"Inapgural edition of Visible Speech"; "Sounds and their Rela- 
tions." now a standard Manual in Normal Training Sc'hools for 
teachers of the Deaf; also other Manuals on "Speech Reading and 
Articulation Teaching," "English Visible Speech in Twelve Les- 
sons," "Popular Manual of Visible Speech and Vocal Physiolo- 
gy," "World English the Universal Language,'' and "Handbook 
of World English," "English Line Writing on the basis of Visible 
Speech," and, finally, "Science of Speech," together with a fifth 
edition of "Principles of Elocution." 

The time had arrived, when, despite pleadings of numerous 
applicants, the venerated master must resolutely decline to give 
verbal instruction, much as he mentally enjoyed teaching. One 
of the last privileged personal pupils, now teaching in a promi- 
nent institution for the deaf, thus speaks of her master's method: 
"Prof. Bell was a wonderful teacher, I never had his equal. His 
explanations were so clear and full that at the end of a lesson it was quite 
impossible to think of asking any further question. Every possible un- 
certainty had been anticipated." 

The autographic testimonial of ability this pupil received was 
equally unequivocal: 

"Miss was a pupil of mine in 'Visible Speech,' and dis- 
tinguished herself by aptitute in the study, and by rapid and solid progress 

in the practice. Miss has fine abilities, and she will, I have no 

doubt, do honor to any position, the duties of which she may undertake. 
"1525 35th Street, N. W., 

"Washington, D. C, July i6th, 1896. 
"(Signed,) 



^JC^""- huAU/iJdj,CC. 



lo Alexander Melville Bell.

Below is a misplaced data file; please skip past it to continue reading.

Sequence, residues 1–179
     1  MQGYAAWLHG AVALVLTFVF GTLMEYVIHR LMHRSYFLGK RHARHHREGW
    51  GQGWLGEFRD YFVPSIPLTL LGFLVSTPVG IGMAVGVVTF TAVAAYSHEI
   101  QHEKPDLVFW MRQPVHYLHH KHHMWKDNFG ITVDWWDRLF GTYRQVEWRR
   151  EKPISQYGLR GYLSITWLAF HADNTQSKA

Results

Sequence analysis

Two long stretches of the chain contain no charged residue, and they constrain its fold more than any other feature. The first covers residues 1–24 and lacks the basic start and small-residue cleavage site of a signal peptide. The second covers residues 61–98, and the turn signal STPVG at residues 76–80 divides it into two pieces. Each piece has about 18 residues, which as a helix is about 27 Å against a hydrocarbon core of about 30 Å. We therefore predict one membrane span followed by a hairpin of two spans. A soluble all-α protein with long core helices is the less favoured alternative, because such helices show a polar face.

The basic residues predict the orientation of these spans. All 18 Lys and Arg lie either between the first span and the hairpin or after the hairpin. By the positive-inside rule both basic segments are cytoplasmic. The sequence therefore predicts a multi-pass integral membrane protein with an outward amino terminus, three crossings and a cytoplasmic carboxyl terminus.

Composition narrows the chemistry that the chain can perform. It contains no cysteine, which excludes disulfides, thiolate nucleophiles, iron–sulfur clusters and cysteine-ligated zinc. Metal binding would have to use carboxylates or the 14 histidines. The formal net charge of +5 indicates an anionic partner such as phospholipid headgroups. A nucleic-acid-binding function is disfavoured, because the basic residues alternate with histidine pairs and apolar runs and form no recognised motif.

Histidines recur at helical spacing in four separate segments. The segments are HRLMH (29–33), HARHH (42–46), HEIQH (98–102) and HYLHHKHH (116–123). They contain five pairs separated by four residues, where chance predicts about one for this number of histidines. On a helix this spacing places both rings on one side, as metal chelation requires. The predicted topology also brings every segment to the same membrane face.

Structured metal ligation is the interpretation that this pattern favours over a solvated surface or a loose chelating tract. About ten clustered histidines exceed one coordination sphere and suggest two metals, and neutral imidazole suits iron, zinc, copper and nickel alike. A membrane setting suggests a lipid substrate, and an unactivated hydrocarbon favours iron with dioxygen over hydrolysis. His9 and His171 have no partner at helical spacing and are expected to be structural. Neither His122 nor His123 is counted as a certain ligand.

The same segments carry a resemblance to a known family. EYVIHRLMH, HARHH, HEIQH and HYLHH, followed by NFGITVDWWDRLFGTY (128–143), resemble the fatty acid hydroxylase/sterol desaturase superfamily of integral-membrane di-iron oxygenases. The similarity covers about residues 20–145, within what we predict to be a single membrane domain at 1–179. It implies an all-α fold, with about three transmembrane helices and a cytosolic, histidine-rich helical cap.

The following tribute was paid the deceased in the Boston 
"School Document No. 9, 1905": 

"We can perhaps make no greater acknowledgment of indebtedness 
to the late Prof. Alexander Melville Bell, the distinguished philologist, 
who, in 1870, upon invitation, told the teachers how his system of phonetic 
writing, named by him Visible Speech, could be made useful in the devel- 
opment of the speech of deaf children, than to say that it continues to 
be the basis of all instruction in speech in this school.^ The result of his 
visit was the employment of the son, Alexander Graham Bell, as a special 
instructor in the school for a period of three months." 

The scene at Chautauqua, June 29th, 1899, on the occasion 
of the last meeting of the National Association of Elocutionists 
which he attended, was impressive beyond ability adequately to 
be described in words. In the commencement of the ever memor- 
able address on "Fundamentals of Elocution," delivered by Prof. 
Bell, he tersely stated: 

"Elocution is an art: hence its practice is more important than its 
theory. * * * *, The requirements of Elocution are: first, that the 
speaker should be heard without effort on the hearers' part; second, that 
the utterance of words and syllables should be distinct and unambiguous; 
and third, that vocal expression should be in sympathy with the subject. 
In common practice we find that these requirements are conspicuously 
wanting," 

At the close of the address, no less than a dozen members